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Tank Man, prostitutes, rich monks and Biden’s menu

China is finally open again for international tourism. Although it is now not Beijing’s best season, there could still be a few not-so-smoggy, not-so-windy days. Here are some suggestions on what to explore in China’s capital, or maybe where to stay away from.

1. The place where the Tank Man stood

On June 5, 1989, the second day after the military crushed the 50-day-long student movement, he was famously seen standing before a line of tanks, blocking their way and creating one of the most memorable images of the 20th century.

People are still not sure about his identity and what happened to him afterward. But with the photos and videos of him, it was not so hard to figure out where exactly he stood at that moment. It was on Chang An Avenue (Chang An means eternal peace. Tiananmen means Gate of Heavenly Peace), about 400 hundred meters from the eastern border of Tiananmen Square, and about 100 meters from the Grand Hotel (Gui Bin Lou 贵宾楼).

He was facing West, blocking tanks driving to the East. Almost all the photos and videos seen today were taken from a hotel standing next to the Grand Hotel, the Beijing Hotel, where quite some foreign journalists stayed.

2. Where a CCP co-founder groped a sex worker

The Eight Big Hutongs (八大胡同, Hutong means alley) was Beijing’s red-light district roughly from 1800 until Communists started to run the city in 1949. These alleys, located a few hundred meters to the southwest of Qian Men (前门), still exist. 

Like its counterparts in the rest of the world, these alleys also had connections to major political and social figures and events at the time.

In 1920, Chen Duxiu (1879-1942), then a professor at Peking University and an activist and major voice for communist thought, got involved in a physical fight in one of the brothels due to “jealousy, and scratched the private parts of a prostitute,” according to media reports of the time.  He was fired by the university for this. 

A year later, the Communist Party of China was founded and Chen, though absent from the party’s first congress, was elected its first general secretary because of its influence in the incipient communist movement in China. 

The Eight Big Hutongs also has a German connection through a courtesan, Sai Jinhua (赛金花1872-1936). Sai Jinhua, meaning “rivaling golden flowers”, is an alias for the profession. She started to be a prostitute at an early age before becoming a concubine of a diplomat, Hong Jun. When Hong was appointed as the Qing Dynasty’s envoy to Europe, his wife claimed to be ill and was unwilling to go with him. So Sai went as his spouse, in 1889. 

Hong died shortly after the couple returned to Beijing. Sai’s relationship with the Hong Family went sour and she picked up her old profession as a courtesan in two of the eight big Hutongs consecutively. Following the Boxers Rebellion in 1900, von Waldersee becoame the occupation army’s leader in the war between eight western countries and China, which ended in Beijing. He and Sai were reported to have reconnected and to have intimate encounters, an opportunity that Sai took advantage of to persuade him, with success, to contain brutality against local residents.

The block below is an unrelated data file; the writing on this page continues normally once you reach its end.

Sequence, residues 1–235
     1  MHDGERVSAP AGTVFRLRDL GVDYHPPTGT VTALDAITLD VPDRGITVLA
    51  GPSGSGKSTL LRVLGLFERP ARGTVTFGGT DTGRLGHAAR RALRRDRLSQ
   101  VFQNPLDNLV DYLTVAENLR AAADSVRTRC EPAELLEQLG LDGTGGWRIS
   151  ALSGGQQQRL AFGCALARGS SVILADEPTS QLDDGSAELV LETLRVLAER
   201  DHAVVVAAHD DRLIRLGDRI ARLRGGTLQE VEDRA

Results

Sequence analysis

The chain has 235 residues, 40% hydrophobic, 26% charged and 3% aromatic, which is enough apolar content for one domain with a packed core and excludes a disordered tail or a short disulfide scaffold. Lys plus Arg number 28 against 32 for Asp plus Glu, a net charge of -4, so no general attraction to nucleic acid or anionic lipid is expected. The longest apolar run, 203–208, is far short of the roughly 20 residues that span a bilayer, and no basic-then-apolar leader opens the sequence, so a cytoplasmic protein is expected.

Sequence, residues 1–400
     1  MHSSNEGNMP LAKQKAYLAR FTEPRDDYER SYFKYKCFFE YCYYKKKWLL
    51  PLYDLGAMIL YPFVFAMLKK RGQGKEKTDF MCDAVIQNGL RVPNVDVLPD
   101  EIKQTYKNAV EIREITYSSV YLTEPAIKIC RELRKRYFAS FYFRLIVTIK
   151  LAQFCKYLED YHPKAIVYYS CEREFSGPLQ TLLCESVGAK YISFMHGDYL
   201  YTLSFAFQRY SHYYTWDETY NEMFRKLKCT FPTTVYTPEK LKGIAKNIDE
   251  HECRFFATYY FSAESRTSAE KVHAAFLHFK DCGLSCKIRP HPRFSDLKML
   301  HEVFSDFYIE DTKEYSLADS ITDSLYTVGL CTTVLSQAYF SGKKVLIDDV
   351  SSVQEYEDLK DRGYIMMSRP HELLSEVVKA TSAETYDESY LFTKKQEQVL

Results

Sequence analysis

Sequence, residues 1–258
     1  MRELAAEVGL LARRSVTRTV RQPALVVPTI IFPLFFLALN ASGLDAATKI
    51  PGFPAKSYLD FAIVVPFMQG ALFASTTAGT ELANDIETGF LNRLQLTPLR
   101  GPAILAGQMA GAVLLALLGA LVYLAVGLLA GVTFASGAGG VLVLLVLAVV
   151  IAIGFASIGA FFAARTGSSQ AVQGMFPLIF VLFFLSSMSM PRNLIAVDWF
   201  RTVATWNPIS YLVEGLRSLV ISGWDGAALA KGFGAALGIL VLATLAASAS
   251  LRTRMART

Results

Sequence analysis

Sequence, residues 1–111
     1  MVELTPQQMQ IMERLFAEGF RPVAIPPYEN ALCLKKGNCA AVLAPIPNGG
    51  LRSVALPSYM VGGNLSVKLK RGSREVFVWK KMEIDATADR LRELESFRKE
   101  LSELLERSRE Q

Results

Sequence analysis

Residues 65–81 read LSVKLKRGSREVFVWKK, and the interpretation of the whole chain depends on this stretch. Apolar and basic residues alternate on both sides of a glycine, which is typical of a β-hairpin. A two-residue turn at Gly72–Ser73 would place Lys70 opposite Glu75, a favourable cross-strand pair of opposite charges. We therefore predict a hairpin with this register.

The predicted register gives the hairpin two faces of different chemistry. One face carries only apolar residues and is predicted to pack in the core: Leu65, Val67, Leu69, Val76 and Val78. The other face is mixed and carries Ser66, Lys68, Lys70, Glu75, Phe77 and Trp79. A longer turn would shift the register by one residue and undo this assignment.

Some of the old brothels in the alleys are open to visitors, with an entrance fee. But the alleys and the buildings are generally not in very good condition, at least not as neat and elegant as those seen with Michelle Yeoh flying around in the film Crouching Tiger, Hidden Dragon.

3. The richest temple in the city

The rich and, sometimes even the powerful, compete to offer the first incense here for the Chinese New Year and major Tibetan Buddhist holidays to show how devout they are. Others must stand in line. This is the Lama Temple or Yong He Gong (雍和宫), the imperial temple during the Qing Dynasty.

The privilege to be able to jump the line comes with a price, unknown to the public. With contributions like this, the temple has allegedly become the wealthiest temple in the city and one of the wealthiest in the country. 

Buddhism is a big business in China. Many monks are believed to be among many of the country’s hidden rich. On the offering side, the big donors also have their requests for the Buddhas: please help me secure a higher position in the official hierarchy; survive the political fight; beat business rivals; or keep lasting stardom, among others.  

Across the intersection, by the way, is the huge, four-story Jin Ding Xuan (金鼎轩), a 24-hour restaurant, which offers decent food.

4. Joe Biden’s (anti)gastronomic China experience

When then vice US president Joe Biden visited Beijing in 2011, he ate in a modest eatery serving local Beijing snacks at the foot of the Drum Tower. The price there is low, but the food is abhorrent.  This, however, has not prevented curious people to come and try the “Biden menu”.

The Drum Tower and Bell Tower are beautiful buildings worth seeing. One of lodgings of Mao Zedong, when he was still nobody, is in Tofu Pond Hutong (豆腐池胡同) on the north of the two towers. 


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